Thousands of lead pipes tainting N.J. water will be replaced

The capital of New Jersey is going to great lengths to take the lead.

City officials gathered in the Berkeley Square neighborhood of West Trenton on Thursday to launch the major project – although they have not yet raised all the funds for it.

Trenton Water Works – a 200-year-old utility company owned and operated by the city that serves 217,000 customers in Trenton, Hamilton, Lawrence, Ewing, and Hopewell Township – plans to spend $ 150 million over the next five years to replace more than 36,000 pipelines in the water system.

Replacement work will begin in Hamilton and Lawrence this month, TWW spokesman Mike Walker said, followed by Trenton and Ewing in February. No work is being done in Hopewell Township as there are no senior service lines servicing properties in the city.

“Our deep commitment to protecting our service customers and consumers from lead in drinking water is genuine and comprehensive,” said Reed Gusciora, Mayor of Trenton.

“Our plan is to remove all lead services from the TWW system within five years and to significantly improve the water filtration system, the water distribution system and the TWW facilities.”

The Lead Service Line Replacement program is part of the utility company’s $ 405 million capital plan, which includes a series of infrastructure improvements over the next six years. This includes upgrades and the water treatment plant, as well as the construction of a number of new water storage tanks to replace the Pennington Reservoir.

Funding the lead service line replacement will be difficult for the utility, which currently has only $ 15 million to do the work. That money comes in the form of a loan from the state infrastructure bank, said Walker, who added that the rest of the money will come from “state sources”.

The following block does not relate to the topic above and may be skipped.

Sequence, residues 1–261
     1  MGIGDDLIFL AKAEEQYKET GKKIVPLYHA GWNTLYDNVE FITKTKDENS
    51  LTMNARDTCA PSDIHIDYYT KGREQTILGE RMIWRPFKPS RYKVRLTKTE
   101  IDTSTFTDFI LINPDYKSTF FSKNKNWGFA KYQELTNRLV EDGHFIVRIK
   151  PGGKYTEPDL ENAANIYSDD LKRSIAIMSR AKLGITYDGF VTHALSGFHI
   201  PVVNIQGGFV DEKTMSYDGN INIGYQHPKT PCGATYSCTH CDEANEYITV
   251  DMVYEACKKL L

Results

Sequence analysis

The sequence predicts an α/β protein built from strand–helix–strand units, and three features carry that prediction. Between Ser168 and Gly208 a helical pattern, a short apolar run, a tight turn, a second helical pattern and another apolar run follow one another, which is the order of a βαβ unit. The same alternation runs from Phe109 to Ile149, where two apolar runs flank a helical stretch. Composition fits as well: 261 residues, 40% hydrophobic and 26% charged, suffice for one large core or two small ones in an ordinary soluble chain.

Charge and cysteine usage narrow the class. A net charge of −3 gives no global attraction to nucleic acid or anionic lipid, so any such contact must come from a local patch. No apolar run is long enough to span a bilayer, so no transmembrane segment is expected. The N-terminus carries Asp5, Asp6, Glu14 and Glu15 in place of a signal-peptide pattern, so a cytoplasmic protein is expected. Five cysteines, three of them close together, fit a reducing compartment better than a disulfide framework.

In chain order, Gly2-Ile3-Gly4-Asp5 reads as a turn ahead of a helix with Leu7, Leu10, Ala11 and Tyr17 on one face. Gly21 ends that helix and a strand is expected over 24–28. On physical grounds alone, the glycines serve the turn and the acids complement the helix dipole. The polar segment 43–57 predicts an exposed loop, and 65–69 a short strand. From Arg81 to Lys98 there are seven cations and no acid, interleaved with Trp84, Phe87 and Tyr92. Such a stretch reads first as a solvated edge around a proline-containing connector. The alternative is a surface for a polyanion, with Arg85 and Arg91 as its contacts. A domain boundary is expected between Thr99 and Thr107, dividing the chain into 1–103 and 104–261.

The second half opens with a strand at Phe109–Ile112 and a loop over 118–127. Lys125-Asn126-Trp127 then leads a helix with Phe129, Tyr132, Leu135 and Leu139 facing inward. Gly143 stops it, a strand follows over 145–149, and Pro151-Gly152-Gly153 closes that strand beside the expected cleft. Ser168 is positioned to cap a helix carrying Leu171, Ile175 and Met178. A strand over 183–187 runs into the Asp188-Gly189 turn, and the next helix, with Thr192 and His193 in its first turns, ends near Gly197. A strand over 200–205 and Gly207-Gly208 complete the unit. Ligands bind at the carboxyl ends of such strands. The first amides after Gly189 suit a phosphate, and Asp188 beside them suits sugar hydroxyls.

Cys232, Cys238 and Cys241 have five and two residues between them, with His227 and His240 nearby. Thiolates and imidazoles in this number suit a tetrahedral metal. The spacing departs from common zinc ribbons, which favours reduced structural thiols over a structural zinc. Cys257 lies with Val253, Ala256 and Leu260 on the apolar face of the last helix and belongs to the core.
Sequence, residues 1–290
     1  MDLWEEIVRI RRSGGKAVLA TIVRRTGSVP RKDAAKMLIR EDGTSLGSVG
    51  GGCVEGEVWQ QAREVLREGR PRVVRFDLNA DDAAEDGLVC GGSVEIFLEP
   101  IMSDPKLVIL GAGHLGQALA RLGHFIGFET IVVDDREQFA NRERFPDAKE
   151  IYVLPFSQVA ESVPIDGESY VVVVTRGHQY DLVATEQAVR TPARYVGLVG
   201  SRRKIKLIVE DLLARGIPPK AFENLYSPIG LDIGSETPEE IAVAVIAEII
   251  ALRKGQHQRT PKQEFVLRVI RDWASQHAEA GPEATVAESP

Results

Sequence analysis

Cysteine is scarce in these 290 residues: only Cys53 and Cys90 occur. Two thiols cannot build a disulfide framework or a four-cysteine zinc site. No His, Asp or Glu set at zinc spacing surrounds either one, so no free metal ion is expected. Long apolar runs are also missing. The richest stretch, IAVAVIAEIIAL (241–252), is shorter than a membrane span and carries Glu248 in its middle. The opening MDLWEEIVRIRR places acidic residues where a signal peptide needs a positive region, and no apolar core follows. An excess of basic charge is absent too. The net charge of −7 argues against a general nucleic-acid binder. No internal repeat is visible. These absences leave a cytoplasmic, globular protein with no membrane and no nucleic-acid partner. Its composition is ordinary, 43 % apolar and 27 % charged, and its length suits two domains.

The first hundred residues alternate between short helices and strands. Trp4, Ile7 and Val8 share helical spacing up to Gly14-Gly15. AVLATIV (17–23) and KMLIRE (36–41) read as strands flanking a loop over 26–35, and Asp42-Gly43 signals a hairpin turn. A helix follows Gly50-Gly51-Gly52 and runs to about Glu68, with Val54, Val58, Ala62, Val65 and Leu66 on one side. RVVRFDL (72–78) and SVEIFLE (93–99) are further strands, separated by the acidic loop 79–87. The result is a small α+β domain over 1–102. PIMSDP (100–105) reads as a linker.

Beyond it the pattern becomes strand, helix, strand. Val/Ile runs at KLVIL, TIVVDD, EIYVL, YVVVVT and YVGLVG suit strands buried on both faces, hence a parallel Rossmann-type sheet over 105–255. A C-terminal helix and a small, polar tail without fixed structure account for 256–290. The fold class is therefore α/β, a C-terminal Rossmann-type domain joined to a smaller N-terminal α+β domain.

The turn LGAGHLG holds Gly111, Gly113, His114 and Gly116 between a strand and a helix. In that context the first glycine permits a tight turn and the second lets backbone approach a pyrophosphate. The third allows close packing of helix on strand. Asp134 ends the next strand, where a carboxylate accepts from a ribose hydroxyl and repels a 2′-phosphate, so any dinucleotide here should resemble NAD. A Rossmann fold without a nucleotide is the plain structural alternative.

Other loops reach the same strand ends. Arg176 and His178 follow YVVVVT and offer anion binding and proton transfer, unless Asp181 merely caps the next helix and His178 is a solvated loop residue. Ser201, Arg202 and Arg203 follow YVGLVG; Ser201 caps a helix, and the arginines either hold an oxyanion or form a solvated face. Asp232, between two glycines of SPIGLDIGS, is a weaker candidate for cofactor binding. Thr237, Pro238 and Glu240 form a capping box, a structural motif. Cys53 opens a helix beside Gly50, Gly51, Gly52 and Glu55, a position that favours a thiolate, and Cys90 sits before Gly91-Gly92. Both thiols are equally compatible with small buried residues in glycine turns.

In December, Trenton City Council rejected nearly $ 18 million requested by TWW for system improvements beyond replacing the senior service line. The Gusciora government is trying again to get this money. The same declined ordinances have been reintroduced and are due to have their first readings at the city council meeting on Thursday.

Reed Gusciora, Mayor of Trenton, at a Trenton Water Works press event marking the start of the water system pipeline replacement program in Trenton on January 9, 2020 Ed Murray | NJ Advance Media for

It’s unclear whether Trenton will benefit from a new federal law passed by U.S. Senator Cory Booker, DN.J. – That effectively gives each state a $ 100 million infusion to improve their drinking water.

One thing is certain: TWW intends to hike rates this spring for the first time in more than 10 years. Currently, the average DHW customer pays $ 494 annually for their water. With the new proposal, that average annual bill would increase to $ 625.

That rate hike would be enough to fund the first two years of the $ 405 million capital plan, Walker said.

Senior service lines have made headlines across New Jersey, causing problems for water systems across Garden State. The spring water for DHW, which pumps directly from the Delaware River, does not contain lead. Instead, the pollutant enters the water when passed through lead supply lines, which are garden hose-sized pipes that connect individual properties to the water line.

There are 17,463 senior service lines in Trenton. 11,618 to Hamilton; 5,236 in Ewing and 2,383 in Lawrence, depending on the utility.

According to Walker, TWW has replaced 400 lines throughout the system since 2018. Replacing a single lead service line costs an average of about $ 7,000, Walker said. TWW customers have covered most of these costs through the replacement program but will still have to pay $ 1,000.